There can be a negative stigma surrounding falls, and we hope this helps clear some of that up. Falls are nothing to be ashamed of and also nothing to be taken lightly.
If you think you might be having falls, feel unsteady, or think you might be at risk of falls reach out to a trained healthcare provider for a screening. Just a few simple physical tests and measures can give you a lot of information about your overall health and future risk of falls.
At Advanced Balance Clinic, a major part of our treatment philosophy focuses on body alignment to help get people moving better. When we refer to alignment, we mean how each body part is positioned relative to each other. For example, if you are standing and you look down where is your foot pointed relative to your hip? Is in angled out, angled in, or pointed straight forward? You might wonder why we spend so much time emphasizing these subtle variations throughout the body.
There are several components to this answer. The human body is complex. We might be focused on alignment, but also realize this is far from the whole picture. Take chronic pain for example. A focus on alignment might be a good start for some people, but pain is much more complex than meets the eye. More and more research demonstrates that chronic pain has nothing to do with what we call “posture” and is not even not well correlated with disease state. For example, someone can have terrible...
In a previous story, we discussed the importance of finding your why and changing your mindset for better health. However, this is just the first step of the process. Finding better health and living life to the fullest is a journey, one which is full of layers. Knowing why you want to live a better life and then changing your mindset to one of growth is just the first layer. The next big step is to learn more about yourself and how you form habits in order to make meaningful change.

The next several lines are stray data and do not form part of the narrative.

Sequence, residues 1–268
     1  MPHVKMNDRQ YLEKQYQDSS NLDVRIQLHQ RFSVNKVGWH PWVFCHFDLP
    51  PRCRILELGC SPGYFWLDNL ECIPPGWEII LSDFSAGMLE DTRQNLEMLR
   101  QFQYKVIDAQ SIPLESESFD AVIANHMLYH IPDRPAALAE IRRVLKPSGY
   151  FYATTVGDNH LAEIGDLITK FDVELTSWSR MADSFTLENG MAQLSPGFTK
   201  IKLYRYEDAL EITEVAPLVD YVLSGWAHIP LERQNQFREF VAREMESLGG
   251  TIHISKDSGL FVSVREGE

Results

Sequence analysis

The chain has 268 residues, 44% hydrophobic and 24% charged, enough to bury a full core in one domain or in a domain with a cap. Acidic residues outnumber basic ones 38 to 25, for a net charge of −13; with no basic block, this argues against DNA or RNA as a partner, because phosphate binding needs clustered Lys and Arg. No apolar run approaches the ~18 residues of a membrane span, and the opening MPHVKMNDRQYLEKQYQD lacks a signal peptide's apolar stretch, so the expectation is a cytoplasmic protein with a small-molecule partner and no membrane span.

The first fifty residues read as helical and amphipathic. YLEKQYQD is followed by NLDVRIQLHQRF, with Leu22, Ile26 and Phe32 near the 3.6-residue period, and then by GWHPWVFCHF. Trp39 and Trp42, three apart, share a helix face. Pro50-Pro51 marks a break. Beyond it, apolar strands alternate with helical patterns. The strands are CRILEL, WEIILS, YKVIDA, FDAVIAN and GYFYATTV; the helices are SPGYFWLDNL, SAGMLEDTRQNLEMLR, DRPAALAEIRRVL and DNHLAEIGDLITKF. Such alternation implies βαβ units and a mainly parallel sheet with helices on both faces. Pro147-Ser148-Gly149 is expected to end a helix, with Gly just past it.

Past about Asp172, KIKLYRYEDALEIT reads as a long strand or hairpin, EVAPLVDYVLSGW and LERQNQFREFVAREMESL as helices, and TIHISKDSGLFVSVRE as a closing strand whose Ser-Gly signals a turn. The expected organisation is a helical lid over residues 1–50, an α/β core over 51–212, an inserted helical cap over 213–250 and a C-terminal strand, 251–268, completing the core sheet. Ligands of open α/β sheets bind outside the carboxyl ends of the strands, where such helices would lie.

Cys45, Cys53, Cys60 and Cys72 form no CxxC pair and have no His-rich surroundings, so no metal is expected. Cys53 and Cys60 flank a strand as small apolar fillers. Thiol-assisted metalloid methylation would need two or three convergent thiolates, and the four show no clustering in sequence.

Ever wonder why some people do just fine quitting a bad habit cold turkey while others who try that approach fail within a matter of days and go right back to what they were doing? This is the difference between an abstainer and a moderator, as Gretchen Rubin outlines in her book Better Than Before: Mastering the Habits of Our Everyday Lives. Several years ago, this author caught onto these subtle differences among people that make a big impact in terms of habit formation, and dove into...
At Advanced Balance Clinic, we firmly believe that health is not the absence of disease. Our mission is to bridge the gap between managing a medical condition to living a vibrant, healthy life. Living a life of vitality is a journey, and we are here to facilitate that process through a variety of means. Healthy living looks very different for everyone.
In our years of experience as therapists, we realized there was one big difference in our clients who make drastic improvement to their quality of life and those who don’t. No matter what the diagnosis was, the answer is not found in one particular exercise, medication, or diet plan… There is no magic bullet solution when it comes to health.
So what does actually make a difference?
The answer is MINDSET!
When we first start working with new clients, progress will not be made unless we help them get to the root of their motivations, habit patterns, and overall mindset. We boiled our process down into smaller pieces to...
Brain health in is a topic not discussed often enough, especially within the medical community. The conversation around mental health and access to mental health services has been increasing in recent years, however the aging brain is often left out of the conversation. There are so many questions left unanswered surrounding the decline of brain health associated with aging. The medical profession has made observations about those who ultimately experience brain atrophy and those who don’t, so we are slowly gaining clarity. However, there are still many questions left unanswered.
Research has identified some clear correlations and patterns in those who ultimately receive a diagnosis of dementia. Keep in mind, however, that correlation does not equal causation. We know that balance problems and risk of falls increase with increasing severity of cognitive decline. We know poor mental health increases the risk of developing dementia. We know that muscle weakness is associated...